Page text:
Family Relationship Building

The literature is quite clear that poor family relationships lead to increased incidence rates of youth psychopathology. Conflict is inevitable in close relationships, and the way in which it is resolved determines the course of a relationship. A parent’s emotional reactivity is one of the best predictors of poor resolution of conflict (Forgatch, 1989). The coercion model is one way to understand problematic family relationship dynamics (Patterson et al., 1992). Coercive parenting practices have been linked to the development and maintenance of nearly all common disorders of youth (Cummings, Davies, & Campbell, 2000). The coercive-parenting model continues to guide several parenting interventions for a variety of youth disorders and is supported by several cross-sectional and longitudinal studies (see Campbell & Patterson, 1995, for a review). The first step a parent takes in the coercion cycle is to react emotionally to the behavior of the child. When a behavior upsets parents, they may react in a variety of ways: they may completely avoid discussing the situation and be angry, do something to hurt the youth (e.g., yelling, hitting, name calling), or make requests or demands that are unclear, blaming, or unrealistic and that lead to more conflict. In turn, the child’s behavior continues or even escalates, depending on parents’ reactions. When parents take a mindful approach, they may be able to disrupt the destructive cycle of negativity and disengagement that at times becomes automatic for some parent- child dyads (Dishion, Burraston, & Li, 2003). Ongoing involvement in coercive interactions segues to poorer quality parent-child relationships, and the youth can develop clinical-l evel problem behaviors or maintain those behaviors that are already reinforcing the cycle of coercion in the family (Patterson et al., 1992).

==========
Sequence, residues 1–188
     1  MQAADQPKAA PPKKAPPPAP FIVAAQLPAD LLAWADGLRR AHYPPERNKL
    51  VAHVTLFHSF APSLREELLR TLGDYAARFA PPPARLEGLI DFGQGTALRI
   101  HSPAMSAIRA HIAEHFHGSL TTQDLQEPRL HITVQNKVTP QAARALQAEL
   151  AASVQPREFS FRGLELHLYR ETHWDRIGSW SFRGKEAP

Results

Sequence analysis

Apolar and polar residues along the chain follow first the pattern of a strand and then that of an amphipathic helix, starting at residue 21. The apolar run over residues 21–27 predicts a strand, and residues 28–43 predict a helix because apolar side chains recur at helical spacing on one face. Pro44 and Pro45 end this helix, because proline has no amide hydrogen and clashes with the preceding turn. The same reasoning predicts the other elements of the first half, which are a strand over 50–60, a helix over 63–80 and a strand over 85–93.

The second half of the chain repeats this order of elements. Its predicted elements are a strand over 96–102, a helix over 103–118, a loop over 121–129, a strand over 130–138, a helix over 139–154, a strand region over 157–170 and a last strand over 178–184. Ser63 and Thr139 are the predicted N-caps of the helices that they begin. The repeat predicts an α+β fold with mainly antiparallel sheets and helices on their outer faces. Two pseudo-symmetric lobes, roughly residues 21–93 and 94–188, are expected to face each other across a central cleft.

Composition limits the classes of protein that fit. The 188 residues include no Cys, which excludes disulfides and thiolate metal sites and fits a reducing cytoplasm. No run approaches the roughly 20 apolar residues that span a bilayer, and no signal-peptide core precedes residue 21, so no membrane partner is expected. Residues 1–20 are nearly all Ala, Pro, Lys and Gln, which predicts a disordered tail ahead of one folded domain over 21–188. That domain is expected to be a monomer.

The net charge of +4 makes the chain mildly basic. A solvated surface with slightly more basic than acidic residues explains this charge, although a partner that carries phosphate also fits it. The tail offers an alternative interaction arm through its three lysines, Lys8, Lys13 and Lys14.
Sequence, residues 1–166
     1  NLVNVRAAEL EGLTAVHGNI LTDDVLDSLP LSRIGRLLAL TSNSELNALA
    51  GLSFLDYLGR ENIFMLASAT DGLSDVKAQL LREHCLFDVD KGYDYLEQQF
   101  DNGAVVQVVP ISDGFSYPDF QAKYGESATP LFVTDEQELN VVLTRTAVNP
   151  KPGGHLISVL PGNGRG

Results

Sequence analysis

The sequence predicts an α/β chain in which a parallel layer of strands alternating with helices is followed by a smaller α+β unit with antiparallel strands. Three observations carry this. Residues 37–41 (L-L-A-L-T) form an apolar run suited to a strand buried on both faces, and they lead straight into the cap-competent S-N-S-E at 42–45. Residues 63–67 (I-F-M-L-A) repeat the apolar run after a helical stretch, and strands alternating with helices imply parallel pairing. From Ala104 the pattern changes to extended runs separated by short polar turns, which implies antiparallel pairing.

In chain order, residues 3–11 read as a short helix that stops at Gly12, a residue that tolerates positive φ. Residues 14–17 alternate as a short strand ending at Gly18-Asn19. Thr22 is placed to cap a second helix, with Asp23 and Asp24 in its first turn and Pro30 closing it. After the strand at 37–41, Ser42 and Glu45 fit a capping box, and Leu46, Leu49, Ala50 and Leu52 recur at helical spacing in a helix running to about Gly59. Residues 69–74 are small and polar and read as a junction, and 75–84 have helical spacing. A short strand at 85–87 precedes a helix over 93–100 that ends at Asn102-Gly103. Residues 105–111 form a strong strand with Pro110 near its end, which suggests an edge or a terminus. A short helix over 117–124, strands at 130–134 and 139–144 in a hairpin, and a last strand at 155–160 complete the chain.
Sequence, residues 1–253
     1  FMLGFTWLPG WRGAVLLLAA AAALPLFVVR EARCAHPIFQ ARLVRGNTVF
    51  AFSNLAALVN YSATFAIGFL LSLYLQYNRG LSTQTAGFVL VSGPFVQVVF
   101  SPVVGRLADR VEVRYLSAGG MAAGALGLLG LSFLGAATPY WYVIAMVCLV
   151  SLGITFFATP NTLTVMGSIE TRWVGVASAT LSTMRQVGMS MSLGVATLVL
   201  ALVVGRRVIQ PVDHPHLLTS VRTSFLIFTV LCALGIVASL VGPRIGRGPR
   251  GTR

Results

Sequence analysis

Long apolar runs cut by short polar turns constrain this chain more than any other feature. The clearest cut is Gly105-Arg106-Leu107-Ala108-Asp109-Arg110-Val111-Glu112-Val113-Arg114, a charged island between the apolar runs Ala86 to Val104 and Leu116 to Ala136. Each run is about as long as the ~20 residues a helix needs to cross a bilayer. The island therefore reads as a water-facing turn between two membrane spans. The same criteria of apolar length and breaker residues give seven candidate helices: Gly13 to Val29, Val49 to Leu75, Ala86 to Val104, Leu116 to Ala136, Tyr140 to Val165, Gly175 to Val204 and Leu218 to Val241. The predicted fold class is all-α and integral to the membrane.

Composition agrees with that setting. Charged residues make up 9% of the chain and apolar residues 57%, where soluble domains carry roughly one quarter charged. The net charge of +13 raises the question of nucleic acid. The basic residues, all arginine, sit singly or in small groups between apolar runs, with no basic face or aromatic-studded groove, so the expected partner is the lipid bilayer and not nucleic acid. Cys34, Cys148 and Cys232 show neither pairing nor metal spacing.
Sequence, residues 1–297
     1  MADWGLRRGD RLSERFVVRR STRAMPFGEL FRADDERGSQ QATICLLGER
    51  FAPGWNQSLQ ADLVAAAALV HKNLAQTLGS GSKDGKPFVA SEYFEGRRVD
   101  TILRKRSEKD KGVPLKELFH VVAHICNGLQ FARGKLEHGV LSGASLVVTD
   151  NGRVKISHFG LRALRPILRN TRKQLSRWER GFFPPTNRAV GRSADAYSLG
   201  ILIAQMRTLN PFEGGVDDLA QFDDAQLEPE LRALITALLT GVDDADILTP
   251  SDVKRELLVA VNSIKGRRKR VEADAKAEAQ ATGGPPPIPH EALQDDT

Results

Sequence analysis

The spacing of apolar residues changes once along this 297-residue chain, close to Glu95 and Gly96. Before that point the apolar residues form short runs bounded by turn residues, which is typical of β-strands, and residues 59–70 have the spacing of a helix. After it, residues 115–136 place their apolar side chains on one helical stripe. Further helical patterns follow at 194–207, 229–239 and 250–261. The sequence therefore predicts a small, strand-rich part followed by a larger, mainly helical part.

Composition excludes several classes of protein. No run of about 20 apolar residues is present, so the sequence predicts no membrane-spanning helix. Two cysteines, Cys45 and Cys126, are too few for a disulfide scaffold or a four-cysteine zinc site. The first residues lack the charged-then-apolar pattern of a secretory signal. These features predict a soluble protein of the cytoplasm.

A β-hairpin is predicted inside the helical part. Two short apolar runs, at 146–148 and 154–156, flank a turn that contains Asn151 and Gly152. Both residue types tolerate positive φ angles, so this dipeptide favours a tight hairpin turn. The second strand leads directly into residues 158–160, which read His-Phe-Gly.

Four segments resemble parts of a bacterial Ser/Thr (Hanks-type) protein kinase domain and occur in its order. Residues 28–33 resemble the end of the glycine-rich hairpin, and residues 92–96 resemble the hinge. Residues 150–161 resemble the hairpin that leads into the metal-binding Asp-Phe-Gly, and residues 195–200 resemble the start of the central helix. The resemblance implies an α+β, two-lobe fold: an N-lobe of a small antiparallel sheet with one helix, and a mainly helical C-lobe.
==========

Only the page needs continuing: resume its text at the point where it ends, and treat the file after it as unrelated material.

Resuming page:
Conflict can be inherent in the coercion cycle. Familial conflict has been implicated in the development of unipolar and bipolar depression (e.g., Du Rocher Schudlich, Youngstrom, Calabrese, & Findling, 2008; Geller et al., 2002; Sheeber, Hops, Alpert, Davis, & Andrews, 1997; Sheeber & Sorenson, 1998), substance use (e.g., Repetti, Taylor, & Seeman, 2002), schizophrenia (Asarnow & Kernan, 2008), borderline personality disorder (e.g., Weaver & Clum, 1993), and conduct problems (e.g., Bank, Burraston, & Snyder, 2004; Garcia, Shaw, Winslow, & Yaggi, 2000; Rubin, Burgess, Dwyer, & Hastings, 2003). Conflict reciprocally influences the other elements of mindful parenting; for example, parents in conflict-filled relationships with their youth may be more likely to disengage, which can contribute to less parental monitoring and greater risk for youth conduct or substance use problems (Dishion, Nelson, & Bullock, 2004). Similarly, conflict contributes to poorer relationships between youth and caregivers, which inhibits caregivers’ ability to effectively set healthy limits. Barnes, Brown, Krusemark, Campbell, and Rogge (2007) found that more mindful individuals were more likely to respond constructively to stress in interpersonal relationships. Increased use of problem-solving skills in the presence of stress and conflict can disrupt the coercion cycle and result in better outcomes for the child and the family. These findings suggest that increasing parents’ capacity for mindful parenting is likely to be a key in the treatment of youth psychopathology when conflict, poor relationships, and a lack of positive behavior support pervade the family system.

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